USA Wraps Up Olympic Pre-Qualifying With 104-48 Win Over Colombia
With a 104-48 win over Colombia (1-2), the USA Women's National Team (12-1, 3-0) finished its FIBA Olympic Pre-Qualifying slate with a 3-0 record on Sunday night in Bahía Blanca, Argentina.
The USA National Team will break for two months before gathering in Hartford, Connecticut, ahead of its winter collegiate games against University of Connecticut on Jan. 27 and the University of Louisville on Feb. 2.
“This first segment, when you combined a college tour that transitioned right into a FIBA event, it’s not an easy transition,” said USA co-coach Dan Hughes (Seattle Storm). “There was a lot of travel, but what a great experience for the players, the coaches and the people who bonded during this time. A lot of times, what you get off the court means as much as what you get on the court. You learn to share a purpose, and that will continue to benefit us moving forward.”
A’ja Wilson (Las Vegas Aces/South Carolina) led the USA with 23 points and nine rebounds; Diamond DeShields (Chicago Sky/Tennessee), who also grabbed nine rebounds, and Arike Ogunbowale (Dallas Wings/Notre Dame) both scored 17 points; and Kelsey Plum (Las Vegas Aces/Washington) finished with 10 points and five assists.
“That was our main goal, to finish this out strong,” said Wilson. “Coach was just telling us to close out - close out the half, close out the quarter and close out the game. I think that’s something that we do very, very well. We have our slip-ups of course, but we always regain our focus and understand why we’re here. So, for us to go 3-0 here is great. And it’s an honor to be in this position, to play against these teams, to get this chemistry going.”
Skylar Diggins-Smith (Dallas Wings/Notre Dame) dished out nine assists, and Diana Taurasi (Phoenix Mercury/Connecticut) added five of the USA’s 32 assists.
“I felt like we got better every game,” said Diggins-Smith, who averaged 3.6 assists per game for the USA over its seven games in November. “Obviously, we have a lot of talent on this team, a lot of depth. Each game we had different players step up and lead. It’s been a great experience over here. The people at the Dow Center in Bahía Blanca were very welcoming to us. The fans were really nice, and it was great to finish this tournament with a third win. We could have made excuses along the way, but at the end of the day we took care of business, we played together, and we got better every game.”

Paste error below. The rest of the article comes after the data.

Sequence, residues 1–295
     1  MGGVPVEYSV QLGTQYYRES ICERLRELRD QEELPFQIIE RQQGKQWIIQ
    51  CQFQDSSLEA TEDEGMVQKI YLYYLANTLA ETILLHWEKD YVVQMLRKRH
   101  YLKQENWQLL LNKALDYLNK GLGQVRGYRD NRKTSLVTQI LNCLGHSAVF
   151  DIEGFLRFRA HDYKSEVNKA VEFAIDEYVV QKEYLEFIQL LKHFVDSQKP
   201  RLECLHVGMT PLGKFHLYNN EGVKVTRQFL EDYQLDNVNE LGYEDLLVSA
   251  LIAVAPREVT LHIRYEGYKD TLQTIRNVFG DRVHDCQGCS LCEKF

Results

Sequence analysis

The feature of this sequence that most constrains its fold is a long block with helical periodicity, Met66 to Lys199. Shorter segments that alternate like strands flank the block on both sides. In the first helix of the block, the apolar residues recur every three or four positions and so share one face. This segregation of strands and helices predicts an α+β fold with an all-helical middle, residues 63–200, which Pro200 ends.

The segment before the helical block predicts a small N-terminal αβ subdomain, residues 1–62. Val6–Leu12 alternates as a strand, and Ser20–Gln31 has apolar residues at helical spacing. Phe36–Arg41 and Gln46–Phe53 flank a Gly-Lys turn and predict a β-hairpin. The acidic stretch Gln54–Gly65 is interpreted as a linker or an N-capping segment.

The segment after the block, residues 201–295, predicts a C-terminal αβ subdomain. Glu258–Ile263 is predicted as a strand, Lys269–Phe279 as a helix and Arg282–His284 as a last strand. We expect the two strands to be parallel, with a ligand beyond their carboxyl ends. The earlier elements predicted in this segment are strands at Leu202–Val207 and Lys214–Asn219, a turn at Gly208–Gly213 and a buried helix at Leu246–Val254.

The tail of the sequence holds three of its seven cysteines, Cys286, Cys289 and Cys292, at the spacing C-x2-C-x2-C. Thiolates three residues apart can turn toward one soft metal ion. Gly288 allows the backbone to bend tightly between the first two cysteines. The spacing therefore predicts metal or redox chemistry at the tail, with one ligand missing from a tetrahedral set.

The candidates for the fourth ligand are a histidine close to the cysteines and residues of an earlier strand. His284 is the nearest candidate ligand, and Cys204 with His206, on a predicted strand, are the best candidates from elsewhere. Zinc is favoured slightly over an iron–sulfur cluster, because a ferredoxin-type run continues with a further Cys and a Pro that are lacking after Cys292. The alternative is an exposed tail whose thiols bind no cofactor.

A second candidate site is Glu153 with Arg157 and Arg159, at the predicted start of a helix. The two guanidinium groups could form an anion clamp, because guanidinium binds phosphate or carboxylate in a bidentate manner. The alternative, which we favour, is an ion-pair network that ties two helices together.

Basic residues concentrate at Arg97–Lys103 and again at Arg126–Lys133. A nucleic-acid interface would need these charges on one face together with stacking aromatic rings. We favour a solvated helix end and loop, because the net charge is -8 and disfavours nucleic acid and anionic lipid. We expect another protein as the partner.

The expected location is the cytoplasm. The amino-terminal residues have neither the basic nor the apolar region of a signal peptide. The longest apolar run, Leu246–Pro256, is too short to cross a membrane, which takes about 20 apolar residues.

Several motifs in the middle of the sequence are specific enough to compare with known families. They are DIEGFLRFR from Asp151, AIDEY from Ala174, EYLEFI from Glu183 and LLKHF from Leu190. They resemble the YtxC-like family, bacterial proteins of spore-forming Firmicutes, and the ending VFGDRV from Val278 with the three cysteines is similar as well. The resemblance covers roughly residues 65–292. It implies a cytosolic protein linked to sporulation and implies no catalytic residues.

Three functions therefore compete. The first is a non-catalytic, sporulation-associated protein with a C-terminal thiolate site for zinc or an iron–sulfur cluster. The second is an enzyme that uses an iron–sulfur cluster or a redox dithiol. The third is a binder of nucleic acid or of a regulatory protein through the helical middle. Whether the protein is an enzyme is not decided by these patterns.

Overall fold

The first quarter saw the USA lead initially, before Colombia went ahead 9-6, but the USA ended the first 10 minutes up 20-14. Sylvia Fowles (Minnesota Lynx/LSU), Nneka Ogwumike (Los Angeles Sparks/Stanford) and Wilson each had four points, and the USA was ahead on the boards 16-7.
Colombia narrowed the gap to four points in the second quarter, 27-23, but the USA was up 13 points at halftime, 40-27. At the midway point, the USA had just five turnovers, while Colombia had committed only three.
Colombia could not stay close to the USA in the second half, which put up 26 points in the third quarter, while limiting Colombia to just nine points.
The fourth quarter saw the USA score an impressive 38 points, and Colombia added 12 point as the USA earned the 104-48 win.
The USA finished the game with a 50-27 rebounding advantage and shot 55.3% (42-76 FGs) from the field, while holding Colombia to just 32.3% (20-62 FGs) of its field goal attempts.
Sue Bird (Seattle Storm/Connecticut), who had back spasms, did not play.
The 2019-20 USA National Team is 12-1 overall, having previously earned a 6-0 mark and the gold medal in September at the FIBA AmeriCup and a 3-1 record in its fall college exhibition schedule.
“It’s a marathon, it’s not a sprint,” said Diggins-Smith, who prior to the USA’s seven games hadn’t competed since the end of the 2018 WNBA season. “I understand that. But it felt great to take a leap of faith and get back out there. My teammates gave me a lot of confidence. And then obviously Cheryl (Reeve), Dan (Hughes) and V.J. (Vickie Johnson), I continued to get little anecdotes from them. I’m just going to use this as a measuring stick to go back and try to get better, keep improving my game and try to get ready for January and another tough set of opponents.”
Following its exhibition college games in January and February, the USA will play in one of four 2020 FIBA World Olympic Qualifying Tournaments, despite already being qualified for the 2020 Olympics by virtue of its gold-medal finish at the 2018 FIBA World Cup.
The 2020 FIBA Olympic Qualifying Tournaments, which will be played Feb. 6-9 and hosted by Belgium, China, France and Serbia, will feature a total of 16 teams split into four groups of four teams each, and the draw to determine the four groups will be held Nov. 27.
Japan, as Olympic host, also has a berth to the 2020 Olympics, and like the USA, finished undefeated and atop its group at one of the two Asia-Oceania Pre-Olympic Qualifiers.
In addition to the six nations listed above (Belgium, China, France, Japan, Serbia, United States), the following countries earned a slot to compete in the next round of 2020 Olympic qualifying play based either on results from the 2019 European Championship or the Africa, Americas and Asia-Oceania qualifying tournaments that concluded today: Mozambique and Nigeria from Africa; Brazil, Canada and Puerto Rico from the Americas; Australia, Japan and South Korea from Asia-Oceania; and Great Britain, Spain and Sweden from Europe.
“This has been a very beneficial period for us,” concluded Hughes. “And we have another one coming up in about two months. What I think is really great is that now you’ve got a little perspective in that we’re here, but can we go up another notch?”